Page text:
CBRNe and HazMat incidents have the potential to contaminate large numbers of the general public.
In addition to dealing with the casualties brought in by emergency first response teams there is also the need to manage the self-presenters and the "worried well" - all of which can result in immense pressure being placed on emergency departments.
Hospitals and healthcare facilities need to be able to plan for, and respond to, a wide range of large-scale events - from extreme weather events such as cyclones or floods, to wide-spread IT failure, a major transport accident, the outbreak of an infectious disease or a terrorist attack.
So what action is the UK's National Health Service (NHS) taking to prepare for the rare but potentially devastating threat of CBRNe and HazMat incidents?
At the recent CBRNe Summit Europe, the Network Manager of the NHS Emergency Preparedness, Resilience and Response (EPRR), Jess Child, provided conference attendees with a comprehensive overview of the NHS's current CBRNe preparedness strategies.
In this blog post we share some of the key facts from her presentation.
The Civil Contingencies Act 2004
The Civil Contingencies Act 2004 (CCA 2004) is a UK Act of Parliament that provides a framework for the UK's emergency planning arrangements.
The act sets out four key phases - prevention, preparedness, response and recovery - and covers all major incidents, from the accidental release of Hazardous Materials to the deliberate release of CBRNe agents.
The role of category 1 responders
Category 1 responders are comprised of the organisations that sit at the core of emergency response - including emergency service providers, NHS bodies and local authorities.
Among the Category 1 responders' civil protection duties are:
- The assessment of the risk of an emergency occurring and the application of this information as an aid to contingency planning
- The putting in place of emergency plans and business continuity management arrangements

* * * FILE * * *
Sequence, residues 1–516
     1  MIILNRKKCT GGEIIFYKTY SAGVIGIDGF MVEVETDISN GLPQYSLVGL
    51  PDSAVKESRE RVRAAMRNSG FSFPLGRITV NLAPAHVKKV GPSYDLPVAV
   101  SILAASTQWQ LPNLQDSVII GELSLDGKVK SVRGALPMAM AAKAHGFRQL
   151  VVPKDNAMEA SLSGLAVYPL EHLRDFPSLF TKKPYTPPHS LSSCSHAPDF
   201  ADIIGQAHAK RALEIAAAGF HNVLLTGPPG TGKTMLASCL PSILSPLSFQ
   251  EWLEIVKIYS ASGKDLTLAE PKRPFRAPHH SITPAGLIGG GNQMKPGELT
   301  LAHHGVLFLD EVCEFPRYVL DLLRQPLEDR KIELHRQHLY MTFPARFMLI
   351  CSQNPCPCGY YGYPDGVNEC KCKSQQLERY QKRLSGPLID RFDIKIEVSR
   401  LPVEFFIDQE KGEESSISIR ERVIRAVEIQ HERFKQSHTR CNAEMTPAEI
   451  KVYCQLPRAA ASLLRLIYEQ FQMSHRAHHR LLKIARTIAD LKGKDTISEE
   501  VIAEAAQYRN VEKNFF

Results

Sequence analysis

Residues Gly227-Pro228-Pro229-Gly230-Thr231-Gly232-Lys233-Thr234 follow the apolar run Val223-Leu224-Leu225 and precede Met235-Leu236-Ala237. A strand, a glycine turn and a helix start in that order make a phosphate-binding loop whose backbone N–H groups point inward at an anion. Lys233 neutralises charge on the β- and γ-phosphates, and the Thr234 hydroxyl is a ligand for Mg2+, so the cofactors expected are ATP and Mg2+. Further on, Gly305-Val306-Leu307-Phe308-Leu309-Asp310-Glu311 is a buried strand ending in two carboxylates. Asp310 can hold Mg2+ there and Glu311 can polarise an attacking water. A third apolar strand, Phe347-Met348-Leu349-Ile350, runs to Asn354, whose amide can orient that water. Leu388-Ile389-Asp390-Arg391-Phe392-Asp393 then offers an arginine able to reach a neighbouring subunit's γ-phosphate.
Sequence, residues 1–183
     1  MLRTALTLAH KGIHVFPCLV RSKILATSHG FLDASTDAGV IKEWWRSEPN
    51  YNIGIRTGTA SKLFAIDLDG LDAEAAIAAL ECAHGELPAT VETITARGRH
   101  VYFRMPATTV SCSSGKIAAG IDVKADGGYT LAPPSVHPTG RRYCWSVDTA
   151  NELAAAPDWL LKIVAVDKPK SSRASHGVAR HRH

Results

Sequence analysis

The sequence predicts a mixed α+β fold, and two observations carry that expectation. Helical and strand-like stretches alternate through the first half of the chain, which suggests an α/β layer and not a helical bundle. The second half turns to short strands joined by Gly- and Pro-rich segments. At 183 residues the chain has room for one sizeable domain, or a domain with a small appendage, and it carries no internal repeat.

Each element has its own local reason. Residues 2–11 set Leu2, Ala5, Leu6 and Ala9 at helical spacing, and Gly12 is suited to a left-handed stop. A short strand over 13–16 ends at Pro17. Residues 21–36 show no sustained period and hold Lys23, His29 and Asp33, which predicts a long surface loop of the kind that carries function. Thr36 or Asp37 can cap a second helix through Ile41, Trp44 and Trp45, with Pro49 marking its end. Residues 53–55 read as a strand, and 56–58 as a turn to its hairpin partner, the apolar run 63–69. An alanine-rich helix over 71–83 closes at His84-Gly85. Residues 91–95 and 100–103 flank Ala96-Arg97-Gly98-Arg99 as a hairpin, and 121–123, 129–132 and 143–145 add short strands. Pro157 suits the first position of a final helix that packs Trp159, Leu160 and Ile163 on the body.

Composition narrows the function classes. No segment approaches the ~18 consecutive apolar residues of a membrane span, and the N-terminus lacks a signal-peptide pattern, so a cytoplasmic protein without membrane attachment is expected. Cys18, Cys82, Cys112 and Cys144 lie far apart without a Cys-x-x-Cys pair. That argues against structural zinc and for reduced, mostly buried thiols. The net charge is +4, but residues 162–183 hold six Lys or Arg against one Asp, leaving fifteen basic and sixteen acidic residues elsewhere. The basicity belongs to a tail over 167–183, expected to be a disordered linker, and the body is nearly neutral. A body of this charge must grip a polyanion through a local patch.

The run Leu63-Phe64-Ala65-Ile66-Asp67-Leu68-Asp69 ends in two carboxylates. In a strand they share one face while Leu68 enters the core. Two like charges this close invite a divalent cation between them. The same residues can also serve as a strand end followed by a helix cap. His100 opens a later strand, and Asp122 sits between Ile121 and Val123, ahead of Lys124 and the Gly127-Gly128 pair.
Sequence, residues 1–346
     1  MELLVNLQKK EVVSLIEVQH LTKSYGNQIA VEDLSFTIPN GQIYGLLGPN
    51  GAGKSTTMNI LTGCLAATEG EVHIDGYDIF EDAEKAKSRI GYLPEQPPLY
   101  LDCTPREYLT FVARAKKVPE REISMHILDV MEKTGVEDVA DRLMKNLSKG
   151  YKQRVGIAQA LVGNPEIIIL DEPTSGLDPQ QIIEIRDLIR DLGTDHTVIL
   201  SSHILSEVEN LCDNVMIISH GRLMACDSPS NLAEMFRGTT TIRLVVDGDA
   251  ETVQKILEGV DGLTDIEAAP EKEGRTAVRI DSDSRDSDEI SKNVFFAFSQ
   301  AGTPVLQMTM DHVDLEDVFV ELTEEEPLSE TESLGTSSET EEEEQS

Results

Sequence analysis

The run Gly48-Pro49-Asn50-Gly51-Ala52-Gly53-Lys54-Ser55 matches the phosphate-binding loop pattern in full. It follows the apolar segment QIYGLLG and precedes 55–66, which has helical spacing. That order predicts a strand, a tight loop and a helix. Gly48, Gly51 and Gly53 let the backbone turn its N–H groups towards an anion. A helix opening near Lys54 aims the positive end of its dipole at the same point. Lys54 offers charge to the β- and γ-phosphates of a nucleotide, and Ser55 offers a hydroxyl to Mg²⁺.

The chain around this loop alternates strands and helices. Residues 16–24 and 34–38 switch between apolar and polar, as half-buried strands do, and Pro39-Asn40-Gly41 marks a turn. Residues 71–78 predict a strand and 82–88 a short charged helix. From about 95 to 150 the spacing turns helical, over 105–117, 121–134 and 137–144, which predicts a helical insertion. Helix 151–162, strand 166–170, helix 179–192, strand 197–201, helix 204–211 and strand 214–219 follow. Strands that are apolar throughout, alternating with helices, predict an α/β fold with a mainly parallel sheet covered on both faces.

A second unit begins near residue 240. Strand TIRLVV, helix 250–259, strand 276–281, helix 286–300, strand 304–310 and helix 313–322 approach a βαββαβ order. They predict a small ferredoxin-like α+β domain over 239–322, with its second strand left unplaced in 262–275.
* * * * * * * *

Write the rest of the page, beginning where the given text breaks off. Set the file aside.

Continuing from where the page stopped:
- Making information about civil protection issues available to the public and warning/informing/advising the public in the event of an emergency
- Sharing information, and cooperating, with other local responders to aid the coordination and efficiency of emergency response
NHS incident levels
For the NHS, civil incidents are classed into one of four levels based on the degree of collaboration and tactical support that is required:
Level 1 - a business continuity incident (any event that can be responded to, and managed by, a local health care provider as part of their "business as usual" activities)
Level 2 - an incident that requires the response of a group of health care providers within a "defined health care economy" and that is coordinated by the local NHS commissioner/s in cooperation with the NHS England local office
Level 3 - an incident that requires the response of a number of health care organisations across a wider geographical area, and with collaboration with local commissioners at a tactical level
Level 4 - an incident that requires the support of NHS National Command, in coordination with local commissioners at a tactical level
CBRNe / HazMat Incidents
All acute hospital emergency teams are trained to perform clinical decontamination using personal protective equipment (PPE).
Access to specialist agent identification is also available through a variety of national service organisations including:
- Public Health England (PHE)
- National Arrangements for Incidents involving Radioactivity (NAIR)
- National Poisons Information Service (NPIS)
- Centre for Radiation, Chemical and Environmental Hazards (CRCE)
Characterising CBRNe incidents
When assessing a CBRNe incident, NHS emergency response teams need to be able to quickly identify the specific characteristics of an event.
For example, is there the potential for mass casualties and loss of life? Is there the risk of a hazardous environment? Could there be a combination of CBRNe materials involved?
What is the time-frame for administering antidotes or life-saving interventions? Is there a need for specialist pharmaceutical advice? Will mass decontamination systems be required? And is there the need for specialised detection equipment?
Early and rapid identification is essential for securing the scene and gathering vital information. And this approach is one that extends far beyond those personnel in a hospital's emergency department - to include those responsible for security, pharmacy, pathology and more.